Here is a guide to the ecology of social insects. It is intended for general ecologists and entomologists as well as for undergraduates and those about to start research on social insects; even the experienced investigator may find the comparison between different groups of social insects illuminating. Most technical terms are translated into common language as far as can be done without loss of accuracy but scientific names are unavoidable. Readers will become familiar with the name even though they cannot visualize the animal and could reflect that only a very few of the total species have been studied so far! References too are essential and with these it should be possible to travel more deeply into the vast research literature, still increasing monthly. When I have cited an author in another author's paper, this implies that I have not read the original and the second author must take responsi bility for accuracy! Many hands and heads have helped to make this book. I thank all my colleagues past and present for their enduring though critical support, and I thank with special pleasure: E. ]. M. Evesham who fashioned the diagrams; ]. Free, D. J. Stradling and]. P. E. C. Darlington who supplied photographs; D. Y. Brian and R. A. Weller who were meticulous on the linguistic side; and G. Frith and R. M. Jones who collated the references. List of plates 1. Fungus combs of Acromyrmex octospinosus and Macrotermes michaelseni. 13 2. Mouthparts of larval Myrmica.
|Edition description:||Softcover reprint of the original 1st ed. 1983|
|Product dimensions:||6.10(w) x 9.25(h) x 0.03(d)|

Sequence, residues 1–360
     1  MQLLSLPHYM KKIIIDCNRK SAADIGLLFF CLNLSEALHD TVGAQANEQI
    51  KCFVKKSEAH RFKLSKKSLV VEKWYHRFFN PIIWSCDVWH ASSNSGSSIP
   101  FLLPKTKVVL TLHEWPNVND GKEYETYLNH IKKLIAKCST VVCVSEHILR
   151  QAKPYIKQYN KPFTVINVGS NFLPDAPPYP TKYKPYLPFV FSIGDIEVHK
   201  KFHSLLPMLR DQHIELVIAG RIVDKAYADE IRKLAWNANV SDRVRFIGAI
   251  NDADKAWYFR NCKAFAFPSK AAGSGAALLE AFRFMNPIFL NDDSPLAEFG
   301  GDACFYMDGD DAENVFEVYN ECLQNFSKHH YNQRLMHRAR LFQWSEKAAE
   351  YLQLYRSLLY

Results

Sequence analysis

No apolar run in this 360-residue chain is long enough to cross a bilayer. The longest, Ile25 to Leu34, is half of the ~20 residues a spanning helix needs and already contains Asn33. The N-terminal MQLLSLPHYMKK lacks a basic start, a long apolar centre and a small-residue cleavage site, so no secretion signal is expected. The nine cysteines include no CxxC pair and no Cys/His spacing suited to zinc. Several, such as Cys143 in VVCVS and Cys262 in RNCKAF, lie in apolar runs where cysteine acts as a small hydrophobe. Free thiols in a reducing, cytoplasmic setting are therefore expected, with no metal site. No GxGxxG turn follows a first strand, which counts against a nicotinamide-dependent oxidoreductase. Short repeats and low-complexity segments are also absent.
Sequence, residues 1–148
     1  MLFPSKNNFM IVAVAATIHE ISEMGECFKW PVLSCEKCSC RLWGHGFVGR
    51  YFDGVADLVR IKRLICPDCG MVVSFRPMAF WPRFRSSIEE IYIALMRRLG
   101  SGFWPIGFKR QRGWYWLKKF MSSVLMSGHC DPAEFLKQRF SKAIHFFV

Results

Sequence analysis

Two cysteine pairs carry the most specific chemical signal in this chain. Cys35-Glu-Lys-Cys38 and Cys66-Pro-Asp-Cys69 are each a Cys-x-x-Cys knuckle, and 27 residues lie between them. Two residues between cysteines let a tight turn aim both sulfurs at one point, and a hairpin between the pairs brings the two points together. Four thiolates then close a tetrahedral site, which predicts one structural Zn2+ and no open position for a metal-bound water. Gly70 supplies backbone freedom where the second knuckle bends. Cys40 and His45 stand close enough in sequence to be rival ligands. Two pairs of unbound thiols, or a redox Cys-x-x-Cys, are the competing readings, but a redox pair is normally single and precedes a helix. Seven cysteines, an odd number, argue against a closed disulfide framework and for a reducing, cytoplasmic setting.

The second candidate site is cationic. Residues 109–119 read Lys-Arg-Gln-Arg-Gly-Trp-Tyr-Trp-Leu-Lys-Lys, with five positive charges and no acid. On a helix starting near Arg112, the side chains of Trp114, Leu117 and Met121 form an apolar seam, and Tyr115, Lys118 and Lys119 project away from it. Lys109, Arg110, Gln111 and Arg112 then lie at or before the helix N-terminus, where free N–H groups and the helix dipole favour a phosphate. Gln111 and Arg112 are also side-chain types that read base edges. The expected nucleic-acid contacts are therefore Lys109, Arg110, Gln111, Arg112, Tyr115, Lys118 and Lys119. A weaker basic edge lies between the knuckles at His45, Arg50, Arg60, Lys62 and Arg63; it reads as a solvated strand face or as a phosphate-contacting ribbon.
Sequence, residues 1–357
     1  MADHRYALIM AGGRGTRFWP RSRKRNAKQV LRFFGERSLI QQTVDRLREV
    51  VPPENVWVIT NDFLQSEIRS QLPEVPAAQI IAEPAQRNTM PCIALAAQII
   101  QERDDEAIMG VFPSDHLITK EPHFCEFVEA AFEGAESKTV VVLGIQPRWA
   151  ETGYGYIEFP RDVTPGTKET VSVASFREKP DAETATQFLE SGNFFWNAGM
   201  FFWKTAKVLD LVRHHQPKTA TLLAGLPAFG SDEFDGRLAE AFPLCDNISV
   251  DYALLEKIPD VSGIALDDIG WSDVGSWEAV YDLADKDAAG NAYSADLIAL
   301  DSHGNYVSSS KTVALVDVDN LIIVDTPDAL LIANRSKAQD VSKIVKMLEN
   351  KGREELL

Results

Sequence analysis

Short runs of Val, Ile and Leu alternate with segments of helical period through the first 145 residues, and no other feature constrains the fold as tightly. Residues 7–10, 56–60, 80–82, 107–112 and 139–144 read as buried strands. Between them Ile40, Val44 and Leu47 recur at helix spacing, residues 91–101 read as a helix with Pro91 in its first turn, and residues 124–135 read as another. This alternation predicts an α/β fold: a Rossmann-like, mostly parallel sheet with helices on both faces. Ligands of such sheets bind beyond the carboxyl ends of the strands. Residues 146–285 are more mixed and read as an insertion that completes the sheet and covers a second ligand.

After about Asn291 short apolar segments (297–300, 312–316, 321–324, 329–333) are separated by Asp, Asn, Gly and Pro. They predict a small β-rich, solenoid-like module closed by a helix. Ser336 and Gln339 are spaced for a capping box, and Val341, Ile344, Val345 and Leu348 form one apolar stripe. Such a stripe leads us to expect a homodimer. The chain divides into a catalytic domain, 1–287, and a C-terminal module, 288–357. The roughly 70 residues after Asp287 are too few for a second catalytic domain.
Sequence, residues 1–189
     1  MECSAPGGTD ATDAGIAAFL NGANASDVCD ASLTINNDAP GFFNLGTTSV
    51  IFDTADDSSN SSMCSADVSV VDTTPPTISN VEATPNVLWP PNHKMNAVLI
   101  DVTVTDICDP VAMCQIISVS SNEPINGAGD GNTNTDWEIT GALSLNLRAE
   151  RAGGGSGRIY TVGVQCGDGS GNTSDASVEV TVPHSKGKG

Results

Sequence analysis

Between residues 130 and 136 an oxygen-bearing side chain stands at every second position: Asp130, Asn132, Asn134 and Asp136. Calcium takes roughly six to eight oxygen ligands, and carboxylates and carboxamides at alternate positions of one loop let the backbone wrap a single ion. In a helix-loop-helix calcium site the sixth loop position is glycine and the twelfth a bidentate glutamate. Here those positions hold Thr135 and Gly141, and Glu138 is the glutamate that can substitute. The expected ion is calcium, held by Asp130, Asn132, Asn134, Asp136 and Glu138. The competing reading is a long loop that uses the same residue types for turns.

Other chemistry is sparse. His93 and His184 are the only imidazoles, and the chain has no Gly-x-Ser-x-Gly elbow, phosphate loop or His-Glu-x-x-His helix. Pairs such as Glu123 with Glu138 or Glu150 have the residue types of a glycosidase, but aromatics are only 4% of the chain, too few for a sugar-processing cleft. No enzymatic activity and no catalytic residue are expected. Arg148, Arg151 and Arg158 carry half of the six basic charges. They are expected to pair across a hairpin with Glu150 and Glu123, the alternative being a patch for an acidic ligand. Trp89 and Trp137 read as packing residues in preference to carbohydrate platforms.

Table of Contents1 Introduction.- 2 Food.- 2.1 Termites as decomposers.- 2.2 Wasps and ants as predators.- 2.3 Sugars as fuel save prey.- 2.4 Seed eaters.- 2.5 Leaf eaters.- 2.6 Pollen eaters.- 3 Foraging by individuals.- 3.1 Foraging strategy.- 3.2 Worker variability.- 4 Foraging in groups.- 4.1 Communication about food.- 4.2 Group slave-raiding.- 4.3 Tunnels and tracks.- 4.4 Nomadic foraging.- 5 Cavity nests and soil mounds.- 5.1 Cavities and burrows.- 5.2 Soil mounds.- 6 Nests of fibre, silk and wax.- 6.1 Mounds of vegetation and tree nests.- 6.2 Combs of cells.- 7 Microclimate.- 7.1 Environmental regulation.- 7.2 Metabolic regulation.- 8 Defence.- 8.1 Painful and paralysing injections.- 8.2 Toxic smears and repellants.- 9 Food processing.- 9.1 Mastication, extraction and regurgitation.- 9.2 Yolk food supplements.- 9.3 Head food glands.- 10 Early population growth.- 10.1 Food distribution.- 10.2 Colony foundation.- 10.3 The growth spurt.- 11 Maturation.- 11.1 Simple models of reproduction.- 11.2 Social control over caste.- 11.3 Males in social Hymenoptera.- 11.4 Maturation in general.- 12 Reproduction.- 12.1 Caste morphogenesis.- 12.2 Copulation and dispersal.- 12.3 Production.- 12.4 Summary.- 13 Evolution of insect societies.- 13.1 Theories of individual selection.- 13.2 Models of these theories.- 13.3 Group selection.- 13.4 Conclusions.- 14 Colonies.- 14.1 The colony barrier.- 14.2 Queen number and species ecology.- 14.3 Queen interaction and queen relatedness.- 15 Comparative ecology of congeneric species.- 15.1 Ant and termite races.- 15.2 Desert ants and termites.- 15.3 Ants and termites in grassland.- 15.4 Forest ants and termites.- 15.5 Wasps and bumblebees.- 15.6 Advanced bees.- 16 Communities.- 16.1 Temperate zone communities in grass and woodland.- 16.2 Desert communities.- 16.3 Tropical rain forest.- 16.4 Conclusions.- 17 Two themes.- 17.1 Plant mutualism.- 17.2 Social organization.- References.- Author index.